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March 2006

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This article is in the news archives --- for current news go to the Third Branch News.

 

Rent Questions Raised, Millions Credited


If you're a business with revenue problems and your landlord hikes the rent—again—you either find a less expensive location or re-negotiate the lease. But if you're a federal court with funding problems and the General Services Administration (GSA) increases your rent, you pay the increase. Chief Judge Frederick J. Scullin, Jr. in the Northern District of New York looked at his rent and asked why. Now, thanks to his efforts and those of his staff, their rent bill is reduced, the Judiciary is looking at considerable savings, and other courts are hoping to follow their lead. [See related cover story on rent relief legislation.]

Rent payments to GSA from the courts' operating account have grown from $133 million in 1986 to an estimated $965 million in FY 2006. By FY 2009, the rent bill to GSA will be about $1.1 billion, or nearly one-fifth of the courts' projected operating budget. Under current law, the Judiciary must pay rent to GSA in full as a mandatory charge against its budget. With increasingly tight budgets, that means less money for discretionary expenses, such as staff salaries.

"When a quarter of our budget is spent on rent and we're looking at cutting staff so we can pay the rent, then we have to ask, what are we paying for?" said Scullin. GSA sets the rent for court facilities, but Scullin and his staff were not quite sure how it arrived at the rates. He thought it was time to find out. Northern District of New York Clerk of Court Larry Baerman with Chief Deputy John Domurad were given the task.

"We had to ask why, for example, the Syracuse courthouse was paying $30.87 per usable square foot," said Baerman, "while the federal defender and probation offices were paying $16.07 per usable square foot—for better space, especially when other federal agencies in Syracuse in commercially-leased space were paying approximately $15.73 per usable square foot. We wanted to get to the bottom of such a disparity among rents."

By law, GSA is required to charge a rent rate that approximates commercial charges for comparable space and services.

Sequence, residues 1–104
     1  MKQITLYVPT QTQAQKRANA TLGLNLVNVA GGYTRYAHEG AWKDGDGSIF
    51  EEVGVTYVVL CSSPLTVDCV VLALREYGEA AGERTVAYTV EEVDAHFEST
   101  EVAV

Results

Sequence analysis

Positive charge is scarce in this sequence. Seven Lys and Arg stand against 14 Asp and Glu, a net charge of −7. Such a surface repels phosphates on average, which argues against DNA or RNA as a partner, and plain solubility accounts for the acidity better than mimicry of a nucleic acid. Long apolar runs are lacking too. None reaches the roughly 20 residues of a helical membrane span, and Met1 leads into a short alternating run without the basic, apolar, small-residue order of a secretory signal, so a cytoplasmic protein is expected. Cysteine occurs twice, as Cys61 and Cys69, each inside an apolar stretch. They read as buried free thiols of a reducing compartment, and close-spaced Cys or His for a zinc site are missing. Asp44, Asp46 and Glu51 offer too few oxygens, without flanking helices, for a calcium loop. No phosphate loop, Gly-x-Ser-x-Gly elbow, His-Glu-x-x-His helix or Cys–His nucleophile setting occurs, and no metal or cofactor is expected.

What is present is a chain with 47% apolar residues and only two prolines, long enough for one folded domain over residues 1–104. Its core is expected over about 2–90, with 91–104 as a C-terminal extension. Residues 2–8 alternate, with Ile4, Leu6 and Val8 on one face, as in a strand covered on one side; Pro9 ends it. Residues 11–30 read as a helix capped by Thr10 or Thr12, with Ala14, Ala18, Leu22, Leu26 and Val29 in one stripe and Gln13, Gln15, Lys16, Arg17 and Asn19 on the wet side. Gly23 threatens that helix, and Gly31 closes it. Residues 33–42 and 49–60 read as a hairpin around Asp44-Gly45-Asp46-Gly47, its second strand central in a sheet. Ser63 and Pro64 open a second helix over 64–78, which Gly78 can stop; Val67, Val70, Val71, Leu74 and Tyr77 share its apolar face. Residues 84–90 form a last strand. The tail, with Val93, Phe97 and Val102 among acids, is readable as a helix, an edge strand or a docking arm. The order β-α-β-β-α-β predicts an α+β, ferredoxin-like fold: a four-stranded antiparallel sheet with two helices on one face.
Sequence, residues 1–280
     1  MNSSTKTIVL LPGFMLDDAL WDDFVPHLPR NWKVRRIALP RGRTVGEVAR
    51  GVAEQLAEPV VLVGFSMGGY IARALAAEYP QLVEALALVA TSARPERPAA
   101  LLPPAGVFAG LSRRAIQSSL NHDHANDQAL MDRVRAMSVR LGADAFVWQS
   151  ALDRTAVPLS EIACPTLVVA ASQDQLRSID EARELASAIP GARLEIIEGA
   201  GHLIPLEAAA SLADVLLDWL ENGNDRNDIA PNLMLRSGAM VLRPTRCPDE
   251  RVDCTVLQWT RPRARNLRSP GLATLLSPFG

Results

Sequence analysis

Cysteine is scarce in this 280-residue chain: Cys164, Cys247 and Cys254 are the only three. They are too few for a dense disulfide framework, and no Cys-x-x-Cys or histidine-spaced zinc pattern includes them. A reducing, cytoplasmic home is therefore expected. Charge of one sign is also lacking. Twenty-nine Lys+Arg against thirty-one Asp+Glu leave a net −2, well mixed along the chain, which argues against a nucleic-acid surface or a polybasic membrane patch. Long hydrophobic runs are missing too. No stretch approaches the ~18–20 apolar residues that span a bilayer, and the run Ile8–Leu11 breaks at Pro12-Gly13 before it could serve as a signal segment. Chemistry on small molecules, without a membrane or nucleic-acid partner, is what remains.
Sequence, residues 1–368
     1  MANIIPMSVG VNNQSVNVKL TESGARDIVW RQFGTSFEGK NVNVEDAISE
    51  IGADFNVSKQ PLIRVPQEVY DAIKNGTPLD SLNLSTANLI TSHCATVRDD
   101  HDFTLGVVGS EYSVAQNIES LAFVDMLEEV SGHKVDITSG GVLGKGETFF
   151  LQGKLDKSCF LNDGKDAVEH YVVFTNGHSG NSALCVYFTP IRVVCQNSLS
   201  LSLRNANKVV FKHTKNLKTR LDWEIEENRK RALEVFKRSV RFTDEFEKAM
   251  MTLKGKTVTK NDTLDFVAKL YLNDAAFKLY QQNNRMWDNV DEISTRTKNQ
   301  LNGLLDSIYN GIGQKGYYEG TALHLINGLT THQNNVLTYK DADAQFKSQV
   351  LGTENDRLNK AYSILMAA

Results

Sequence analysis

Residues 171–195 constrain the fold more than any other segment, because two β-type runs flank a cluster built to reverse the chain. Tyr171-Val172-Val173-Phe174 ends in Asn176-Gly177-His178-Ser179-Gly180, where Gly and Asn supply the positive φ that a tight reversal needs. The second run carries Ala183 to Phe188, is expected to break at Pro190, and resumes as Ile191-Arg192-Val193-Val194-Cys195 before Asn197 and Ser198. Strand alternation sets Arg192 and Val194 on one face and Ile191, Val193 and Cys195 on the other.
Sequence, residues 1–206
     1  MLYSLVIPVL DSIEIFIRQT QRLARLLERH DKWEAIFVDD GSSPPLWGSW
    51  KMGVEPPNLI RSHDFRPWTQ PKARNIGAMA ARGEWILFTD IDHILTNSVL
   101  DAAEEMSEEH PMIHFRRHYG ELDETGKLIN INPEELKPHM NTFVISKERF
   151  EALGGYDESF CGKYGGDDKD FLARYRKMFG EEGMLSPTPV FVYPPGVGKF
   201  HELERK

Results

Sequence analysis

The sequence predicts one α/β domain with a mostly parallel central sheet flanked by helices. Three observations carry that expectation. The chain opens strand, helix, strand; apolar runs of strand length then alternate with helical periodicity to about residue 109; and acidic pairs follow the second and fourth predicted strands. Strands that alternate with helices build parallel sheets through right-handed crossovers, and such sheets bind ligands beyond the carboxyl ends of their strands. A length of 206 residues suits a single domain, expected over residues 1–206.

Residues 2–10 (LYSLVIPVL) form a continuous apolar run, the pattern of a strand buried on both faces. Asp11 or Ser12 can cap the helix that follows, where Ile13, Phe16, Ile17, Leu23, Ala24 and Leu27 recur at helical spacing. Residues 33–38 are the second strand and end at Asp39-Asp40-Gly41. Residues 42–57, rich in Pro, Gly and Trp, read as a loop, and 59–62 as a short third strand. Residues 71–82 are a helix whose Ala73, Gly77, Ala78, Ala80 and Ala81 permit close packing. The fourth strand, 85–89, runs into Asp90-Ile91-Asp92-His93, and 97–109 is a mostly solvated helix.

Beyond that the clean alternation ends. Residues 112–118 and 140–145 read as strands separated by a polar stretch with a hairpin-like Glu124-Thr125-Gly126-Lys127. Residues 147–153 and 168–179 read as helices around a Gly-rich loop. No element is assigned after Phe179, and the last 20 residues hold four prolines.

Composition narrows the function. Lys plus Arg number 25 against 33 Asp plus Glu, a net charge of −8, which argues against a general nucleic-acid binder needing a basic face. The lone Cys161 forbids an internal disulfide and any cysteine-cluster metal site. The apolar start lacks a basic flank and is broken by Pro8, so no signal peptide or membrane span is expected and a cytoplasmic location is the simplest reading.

"Our first thought," said Domurad, "was that the numbers were wrong because GSA had over-assessed the market rate. However, as we delved deeper into the issue, we realized that a critical component to our over-assessment was GSA's methodology for determining a tenant's pro rata share of the common area of a building. "

Baerman and Domurad began looking at courthouse floor plans and physically inspected areas within Northern District facilities they never knew existed. This investigation led to some startling discoveries. For example, in their Utica facility, a recent remeasurement of the building included over 15,000 square feet of "common space" that was actually an attic, which could only be accessed by a ladder through the ceiling.

"While the figures from the remeasurement survey had not yet been billed to the court, it is far from certain that this 'oversight' would have been corrected without the review," said Domurad.

They reviewed commercial leases from other federal agencies within the respective areas to determine how the commercially charged market rate differed from what was being assessed within the federally owned facilities. With the assistance of the Administrative Office, they hired an appraiser from a national company to provide them with a professional assessment of the market rates for areas in which their four facilities are located.

The Northern District of New York's efforts have paid off. Following an informal presentation by Baerman and Domurad to central GSA personnel, GSA reviewed the district's billing records and determined that an annualized rent reduction of nearly $1 million was in order.

"To reinforce the fact that the rent disparity we were seeing within the Northern District of New York wasn't an isolated event, our presentation briefly discussed GSA's billing rates for several facilities within the Southern District of New York," said Domurad. As a result of this inquiry, GSA re-evaluated the billing information for two facilities in the Southern District, which resulted in a savings or cost avoidance over three fiscal years totaling $30 million.

While the money is significant, Domurad is looking at larger consequences. "From the very inception of this project, our Chief Judge has been adamant that the goal of this project was not to simply establish fair and reasonable rent rates within the Northern District of New York. The true value of this success is that it validates a methodology that can be employed nationwide to analyze and identify potential areas where the courts may be charged rent above the commercially accepted rates."

Said Scullin, "I hope a similar review of court-occupied space is conducted on a national level to determine whether cost savings can be identified elsewhere."

Such a review is currently underway. "The Northern District of New York may be a worst-case scenario," said Debra Worley, Chief of Space and Facilities, Office of Facilities and Security at the Administrative Office, "and variations may well reflect differences between GSA regions and how standards are applied. But, we believe there may be problems with classifi cation of space at other courts as well, which is why all courts have received customized binders of their rent bills, and we've begun training in rent validation nationwide." (See Box on National Rent Validation Program.)

Worley believes there may be potential cost savings for the Judiciary as floor plans and classifications are reviewed, "but we won't know until we work with the courts on a case-by-case basis," she said.